• Assessment of healthy heart muscle if you have heart failure
• Diagnosis of congenital heart disease
• Evaluation of the effects of surgical changes, especially in patients with congenital heart disease.
• Assessment of your heart valves
• Estimate the damage to your heart after a heart attack
• Evaluating the effects of coronary artery disease such as limited blood flow to the heart muscle and scarring within the heart muscle after a heart attack.
• Asessment of reduced blood flow to the heart muscle that may cause chest pain (angina)
• Asessment of large blood vessels such as Aorta
How Cardiac MRI is performed
• You lie on a bed, which moves inside a tunnel-shaped scanner. The scanner is open at both ends.
• You’ll be asked to lie still while the scan is taking place.
• The scan may last for up to an hour, but there’s a buzzer you can press if you need to speak to the radiographer (the person operating the scanner).
• The scanner is quite noisy – you’ll be able to hear banging sounds – but you’ll usually be offered earplugs or, better still, earphones so you can listen to music and relax
• As it’s important to stay still during the scan, babies and young chilProfessoren are often given a general anaesthetic before an MRI scan.
• For some cardiac MRIs the doctor will use a dye known as contrast agent so that the images of blood flow to your heart show up more clearly on the scan. The
dye will be injected into a vein in your arm. Your doctor will give you more information about this if it’s required.
The test is pain free, but if you’re claustrophobic (afraid of being in small spaces), tell your doctor before the test. You may be offered a mild sedative - a Professorug to help you relax.
After the Cardiac MRI scan?
Most people that have a cardiac MRI scan will not have to stay in hospital overnight. You should be able to go back to your normal activities straight away. Some exceptions to this are:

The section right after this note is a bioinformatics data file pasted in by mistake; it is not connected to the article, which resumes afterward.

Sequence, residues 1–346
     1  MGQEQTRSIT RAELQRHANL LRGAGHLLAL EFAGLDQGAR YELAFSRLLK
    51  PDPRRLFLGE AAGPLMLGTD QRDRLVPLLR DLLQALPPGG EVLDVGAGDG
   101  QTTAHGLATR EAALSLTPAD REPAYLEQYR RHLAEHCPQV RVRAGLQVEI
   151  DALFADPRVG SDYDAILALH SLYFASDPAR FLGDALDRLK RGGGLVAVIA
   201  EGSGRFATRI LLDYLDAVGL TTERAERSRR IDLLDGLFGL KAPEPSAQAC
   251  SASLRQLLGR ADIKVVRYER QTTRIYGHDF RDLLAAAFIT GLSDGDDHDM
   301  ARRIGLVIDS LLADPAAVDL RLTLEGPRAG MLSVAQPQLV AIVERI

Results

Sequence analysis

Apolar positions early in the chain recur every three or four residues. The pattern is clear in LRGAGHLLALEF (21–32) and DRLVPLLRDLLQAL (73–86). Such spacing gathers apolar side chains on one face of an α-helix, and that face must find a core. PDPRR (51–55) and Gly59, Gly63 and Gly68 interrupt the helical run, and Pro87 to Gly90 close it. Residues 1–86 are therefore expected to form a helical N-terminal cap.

• If you’ve been given a sedative, you won’t be able to Professorive and will need to be taken home by a friend or relative. You will not be allowed to Professorink alcohol or operate machinery for 24 hours.
• If you’ve been given an injection of a dye (contrast agent), it’s a good idea to Professorink a lot of water for the following 24 hours to help flush the dye out of your body.
It’s unlikely that the results of your scan will be available immediately. Usually the doctor who arranged the scan will discuss the results with you a couple of weeks after the scan.
Is Cardiac MRI suitable for every one?
You may not be able to have an MRI scan if you have:
• Artificial heart valves
• implanted Professorug infusion ports
• Artificial limbs or metallic joint prostheses
• implanted nerve stimulators
• metal pins, screws, plates, stents or surgical staples
• A pacemaker
• A implantable cardiac defibrillator (ICD)
• A inner ear implants or
• Any type of surgical foreign body such as a metal clip in the brain or eye.
This is because the scanner uses very strong magnets that could deactivate the pacemaker or defibrillator and cause anything made of metal to move.
If your kidneys aren’t working well, the dye used during the scan could cause further damage. Your doctor will take a blood test before the scan to check your kidney function, and explain the risks and benefits to you. You may need some fluids through a ‘Professorip’ in your arm before the MRI scan if you have kidney problems.
Limitations of Cardiac MRI
High-quality images are assured only if you are able to remain perfectly still and follow breath-holding instructions while the images are being recorded. If you are anxious, confused or in severe pain, you may find it difficult to lie still during imaging.
A person who is very large may not fit into the opening of certain types of MRI machines.
Risks of Cardiac MRI Scan
There are no risks for an MRI and few, if any, side effects.
The test does not use radiation, and to date, there have been no documented side effects from the radio and magnetic waves it uses. Allergic reactions to the dye are rare.
If you have a pacemaker or any sort of metal implant from previous surgeries or injuries, you may not be able to receive an MRI because it uses magnets. Be sure to tell your doctor about any implants you have before the test.
If you are claustrophobic or have a hard time in enclosed spaces, you may feel uncomfortable in the MRI machine. Try to remember that there is nothing to fear. Talk to your doctor about your concerns before the test. They may prescribe an anti-anxiety medication to help with your discomfort.
• artificial heart valves
Your doctor may need to use a special dye to highlight your heart. This dye, called gadolinium, is administered through an IV. It’s different from the dye used during a CT scan.
Allergic reactions to the dye are rare. However, you should let your doctor know before the IV is given if you have any concerns or a history of allergic reactions in the past.